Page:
The Architecture Olympics

Between 1912 and 1948, the Olympic Games incorporated not only athletics but also art competitions, giving equal importance to works of architecture, painting, music, sculpture and literature.

 

Architecture / Julia van den Hout

This article was originally published on Domus 960 / July/August 2012

In a letter dated 2 April 1906, Baron Pierre de Coubertin questioned "to what extent and in what way art and literature could be included in the celebration of the modern Olympiads". Elaborating on his intentions, he added, "In the high times of Olympia, the fine arts were combined harmoniously with the Olympic Games to create their glory. This is to become reality once again."

Baron de Coubertin had single-handedly revived the Olympic Games just years earlier, when the inaugural Olympic Congress was declared open and the first modern Games were officially, and unanimously, approved in June 1894.

To fully reawaken the spirit of the Olympics as they had been held centuries ago — a celebration of body and mind — Baron de Coubertin envisioned a global event that gave equal value to athletics and arts, such as painting, literature and even architecture.

He called on the International Olympic Committee (IOC) to examine several critical pedagogical themes. After having successfully discussed the integration of education and science at two previous meetings, Coubertin turned his attention to the arts. The official subject of the 1906 Congress, hosted at the Comédie- Française in Paris, was the "Incorporation of the Fine Arts in the Olympic Games and in Everyday Life".

Top: The Amsterdam Olympic Stadium, designed by Jan Wils, won the architecture category of the 1928 Olympic Art Competition. It was the first and only time the prize was awarded to a realised work. Above: The Art Competition announcement, issued for the 1924 Paris Olympics

To realise Coubertin's vision of promoting a unity of sports and art, going forward the Olympic Games would consist not only of athletic events, but also organise art competitions, offering prizes in five categories: architecture, sculpture, painting, music and literature. Accepting only works that had never previously been published, exhibited or performed, an international jury picked gold, silver and bronze medal winners for art that showed a direct and thoughtful connection with sports.

As such, the IOC's first architectural competition brief, announced in 1910, requested proposals for a model of a modern Olympia. The results of the competition were supervised by the College of Architecture in Paris, which after a review in May 1912 awarded the first ever Olympic gold medal in architecture to Swiss architects Eugène-Édouard Monod and Alphonse Laverrière for their plan of a modern stadium.

Covers of the catalogues of the Olympic Arts competitions and exhibitions from 1928 to 1948

Exhibited alongside the other art submissions at a museum in the host city for the duration of the Games, the winning architectural proposals ranged from athletic schools to parks, and even to ski-jumps.

While the overall format of the competitions remained largely unchanged as they travelled from city to city, the process evolved during the 1928 Games in Amsterdam, where the architecture competition was divided into two subcategories: architectural design and town planning. Moreover, whereas in the previous three Games medals had been given only for proposals, 1928 marked the first, and only, time that a medal was awarded for a realised building, with a gold medal going to Jan Wils's Olympic Stadium in Amsterdam, the structure in which many of the sports events were hosted.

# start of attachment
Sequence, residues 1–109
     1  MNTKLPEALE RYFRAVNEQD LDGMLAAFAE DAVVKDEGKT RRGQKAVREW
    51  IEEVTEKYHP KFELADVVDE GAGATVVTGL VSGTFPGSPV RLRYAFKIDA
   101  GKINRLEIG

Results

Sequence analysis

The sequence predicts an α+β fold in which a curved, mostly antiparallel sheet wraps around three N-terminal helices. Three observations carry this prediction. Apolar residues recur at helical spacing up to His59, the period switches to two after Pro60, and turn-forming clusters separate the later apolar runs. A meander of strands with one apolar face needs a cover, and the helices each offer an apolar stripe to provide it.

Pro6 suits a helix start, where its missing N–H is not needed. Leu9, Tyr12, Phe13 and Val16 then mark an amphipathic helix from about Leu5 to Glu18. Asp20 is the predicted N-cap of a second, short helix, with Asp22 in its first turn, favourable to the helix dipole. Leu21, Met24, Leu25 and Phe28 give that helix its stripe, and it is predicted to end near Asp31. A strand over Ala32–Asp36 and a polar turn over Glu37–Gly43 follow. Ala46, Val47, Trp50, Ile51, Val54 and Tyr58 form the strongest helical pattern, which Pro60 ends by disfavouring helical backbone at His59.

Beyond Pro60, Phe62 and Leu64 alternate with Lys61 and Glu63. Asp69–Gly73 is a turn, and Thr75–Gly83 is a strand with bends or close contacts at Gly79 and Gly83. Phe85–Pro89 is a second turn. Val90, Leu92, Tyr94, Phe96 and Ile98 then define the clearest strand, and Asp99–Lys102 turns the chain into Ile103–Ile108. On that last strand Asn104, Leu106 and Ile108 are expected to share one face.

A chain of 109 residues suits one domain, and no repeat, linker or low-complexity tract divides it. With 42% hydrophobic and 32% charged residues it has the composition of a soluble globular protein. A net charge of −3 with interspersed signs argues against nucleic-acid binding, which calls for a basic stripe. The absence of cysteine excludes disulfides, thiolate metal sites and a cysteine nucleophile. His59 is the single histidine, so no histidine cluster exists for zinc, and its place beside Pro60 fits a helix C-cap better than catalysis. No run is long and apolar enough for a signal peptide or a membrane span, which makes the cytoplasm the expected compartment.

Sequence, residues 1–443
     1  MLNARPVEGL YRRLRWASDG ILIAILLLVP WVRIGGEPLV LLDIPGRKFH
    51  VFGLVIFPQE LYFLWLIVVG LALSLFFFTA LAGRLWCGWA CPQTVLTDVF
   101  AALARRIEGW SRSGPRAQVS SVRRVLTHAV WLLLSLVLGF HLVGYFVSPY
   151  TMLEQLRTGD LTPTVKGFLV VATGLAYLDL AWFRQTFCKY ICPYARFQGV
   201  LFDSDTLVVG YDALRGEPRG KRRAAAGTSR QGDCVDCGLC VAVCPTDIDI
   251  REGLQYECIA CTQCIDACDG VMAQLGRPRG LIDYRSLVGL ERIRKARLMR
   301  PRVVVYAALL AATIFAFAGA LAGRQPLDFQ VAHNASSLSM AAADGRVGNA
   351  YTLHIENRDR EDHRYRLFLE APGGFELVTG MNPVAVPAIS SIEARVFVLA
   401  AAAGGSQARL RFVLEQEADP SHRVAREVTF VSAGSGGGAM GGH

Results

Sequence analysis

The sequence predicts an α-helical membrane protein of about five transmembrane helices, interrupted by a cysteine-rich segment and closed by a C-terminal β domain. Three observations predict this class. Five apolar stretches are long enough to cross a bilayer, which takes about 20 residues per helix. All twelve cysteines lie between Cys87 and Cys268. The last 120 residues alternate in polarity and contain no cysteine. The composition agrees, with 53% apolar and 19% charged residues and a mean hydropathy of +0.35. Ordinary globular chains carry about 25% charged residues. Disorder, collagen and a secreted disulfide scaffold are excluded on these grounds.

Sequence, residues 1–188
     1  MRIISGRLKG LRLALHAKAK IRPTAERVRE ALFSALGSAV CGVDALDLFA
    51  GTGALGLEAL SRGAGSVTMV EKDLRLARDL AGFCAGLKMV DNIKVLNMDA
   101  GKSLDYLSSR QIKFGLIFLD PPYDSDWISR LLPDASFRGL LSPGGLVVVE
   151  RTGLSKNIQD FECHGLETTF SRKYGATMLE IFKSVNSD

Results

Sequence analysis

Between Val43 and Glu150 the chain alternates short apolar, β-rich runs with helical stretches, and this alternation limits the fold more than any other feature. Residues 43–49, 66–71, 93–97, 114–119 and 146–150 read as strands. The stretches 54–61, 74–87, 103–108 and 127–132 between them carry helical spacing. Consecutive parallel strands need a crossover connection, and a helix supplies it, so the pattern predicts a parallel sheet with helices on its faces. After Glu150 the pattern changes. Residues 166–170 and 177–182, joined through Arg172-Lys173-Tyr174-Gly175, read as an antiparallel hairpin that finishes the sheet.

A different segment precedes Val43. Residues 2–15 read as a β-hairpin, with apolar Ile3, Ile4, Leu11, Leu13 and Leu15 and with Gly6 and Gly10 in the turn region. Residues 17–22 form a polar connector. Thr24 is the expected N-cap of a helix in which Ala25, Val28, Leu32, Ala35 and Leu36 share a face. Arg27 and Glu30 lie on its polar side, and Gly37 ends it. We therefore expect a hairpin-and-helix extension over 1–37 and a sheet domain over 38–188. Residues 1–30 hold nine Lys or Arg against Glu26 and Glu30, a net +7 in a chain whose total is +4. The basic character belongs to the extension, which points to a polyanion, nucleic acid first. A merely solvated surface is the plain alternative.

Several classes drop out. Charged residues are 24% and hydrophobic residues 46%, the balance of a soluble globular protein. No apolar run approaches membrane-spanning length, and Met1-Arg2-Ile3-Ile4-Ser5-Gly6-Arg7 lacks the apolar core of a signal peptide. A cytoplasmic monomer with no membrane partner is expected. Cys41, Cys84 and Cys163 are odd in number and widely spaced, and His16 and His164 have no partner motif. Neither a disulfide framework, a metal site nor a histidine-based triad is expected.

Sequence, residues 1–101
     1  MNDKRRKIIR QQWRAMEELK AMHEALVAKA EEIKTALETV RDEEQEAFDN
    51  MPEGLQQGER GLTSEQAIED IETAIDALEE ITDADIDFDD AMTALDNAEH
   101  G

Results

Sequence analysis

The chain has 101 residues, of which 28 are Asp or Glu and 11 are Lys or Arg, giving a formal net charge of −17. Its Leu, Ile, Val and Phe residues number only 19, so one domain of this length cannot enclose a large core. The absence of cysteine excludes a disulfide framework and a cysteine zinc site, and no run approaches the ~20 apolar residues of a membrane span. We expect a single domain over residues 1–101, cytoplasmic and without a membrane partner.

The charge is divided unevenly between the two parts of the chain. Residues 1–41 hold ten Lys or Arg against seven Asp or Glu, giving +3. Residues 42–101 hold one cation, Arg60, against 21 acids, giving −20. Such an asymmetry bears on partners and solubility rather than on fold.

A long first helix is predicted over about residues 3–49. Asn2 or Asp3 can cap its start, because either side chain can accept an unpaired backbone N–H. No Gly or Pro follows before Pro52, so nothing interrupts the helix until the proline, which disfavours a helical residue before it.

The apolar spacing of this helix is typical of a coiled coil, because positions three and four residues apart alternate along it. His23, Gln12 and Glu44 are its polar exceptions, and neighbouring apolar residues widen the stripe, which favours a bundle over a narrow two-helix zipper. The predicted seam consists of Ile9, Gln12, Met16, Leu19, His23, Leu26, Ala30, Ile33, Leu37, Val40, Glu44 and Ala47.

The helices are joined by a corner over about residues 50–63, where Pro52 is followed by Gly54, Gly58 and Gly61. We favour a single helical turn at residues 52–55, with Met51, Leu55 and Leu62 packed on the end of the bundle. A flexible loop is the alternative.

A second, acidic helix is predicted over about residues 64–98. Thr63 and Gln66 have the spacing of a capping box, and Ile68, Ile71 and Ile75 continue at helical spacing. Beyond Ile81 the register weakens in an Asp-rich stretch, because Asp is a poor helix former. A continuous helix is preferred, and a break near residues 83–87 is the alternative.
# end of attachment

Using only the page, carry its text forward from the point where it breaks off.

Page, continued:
Baron de Coubertin envisioned a global event that gave equal value to athletics and arts
 

The pages relating to the architecture competition issued for the 1924 Paris Olympics

Unfortunately, this was also the first year in which artists were permitted to sell their submissions — a decision that ultimately conflicted with the required amateurism of the competitors, something which had been of central importance in Baron de Coubertin's vision for the modern Games. As a result, the last medal-awarding architecture competition was held at the 1948 London Games.

Today, as we see yet another Olympic complex rapidly taking shape in London, it is clear that architecture is nevertheless still a central component of the events. Not only do cities continue to compete for the opportunity to host the Olympics, but the architecture of the Olympics itself has evolved beyond the amateur competition of merely showing models and plans.

Model of a timekeeping pavilion, designed by Guglielmo Giuliano for the 1936 Berlin Olympics competition

At a time when the competitive edge has become increasingly dominant in architecture as a whole, constituting a key factor in the process of winning new projects for many practitioners, it comes as no surprise to find architects vying for the chance to build one of the Olympic structures. As a carefully curated selection of some of the most ambitious contemporary works, the Games have become an architectural showcase for the international public.

Perhaps it is thanks to Baron de Coubertin's passionate efforts to celebrate the body as well as the mind that the Olympics continue to evoke a highly competitive race between some of the world's bestknown architects, even when there are no longer any medals up for grabs. Julia van den Hout, Architecture writer and curator